Even without placement co-ordinates, we must find out whether it is important to identify the number of memories and register files and the number of ports on them and the mapping ratios of user variables to them. For instance, local variables on the stack might seldom leave L1 cache whereas statically allocated global variables might see more activity in the L2 or L3 caches. The extent to which loops are unwound by the compiler makes a big difference to the number of expressions that need placement. Can this myriad of decisions be mapped to a single scalar metric that represents the general 'meatyness' of the target implementation: ranging from low-power battery computer to datacentre mainframe [CITE AZIZI Azizi:2010:ETP:1815961.1815967] ?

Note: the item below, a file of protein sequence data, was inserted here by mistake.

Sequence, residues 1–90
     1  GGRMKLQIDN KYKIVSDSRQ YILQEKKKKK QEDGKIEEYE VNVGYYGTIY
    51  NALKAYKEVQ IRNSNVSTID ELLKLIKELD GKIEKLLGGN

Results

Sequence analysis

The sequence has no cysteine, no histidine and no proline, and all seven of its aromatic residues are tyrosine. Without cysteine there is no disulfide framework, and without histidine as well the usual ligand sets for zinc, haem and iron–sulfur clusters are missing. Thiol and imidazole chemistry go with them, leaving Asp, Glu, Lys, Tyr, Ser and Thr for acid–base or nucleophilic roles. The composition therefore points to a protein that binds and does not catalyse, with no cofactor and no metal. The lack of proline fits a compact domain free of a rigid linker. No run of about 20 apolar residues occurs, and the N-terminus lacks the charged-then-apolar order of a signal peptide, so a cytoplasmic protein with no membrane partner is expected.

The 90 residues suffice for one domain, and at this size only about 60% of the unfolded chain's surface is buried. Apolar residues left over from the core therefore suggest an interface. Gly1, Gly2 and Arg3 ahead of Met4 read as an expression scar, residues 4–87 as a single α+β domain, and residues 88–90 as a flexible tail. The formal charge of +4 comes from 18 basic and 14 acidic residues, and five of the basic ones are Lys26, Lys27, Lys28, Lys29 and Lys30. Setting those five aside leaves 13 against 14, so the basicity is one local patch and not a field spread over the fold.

Recent VLSI has greatly increased static power consumption compared with previous generations. With high static power consumption, it is better to keep the powered-up elements busy (with good load balancing and short critical path to the computation) whereas the lowest power result can be obtained using a fewer number of powered-up elements that perform close to serial execution with low data movement distances. On the other hand, another technological pressure is to exploit `dark silicon' where large amounts of VLSI can be filled with low-activity, highly-specialised circuitry: this is the dark silicon or conservation cores approach [CITE]. Can these technology-lead pressures be simply accommodated in a macroscopic model?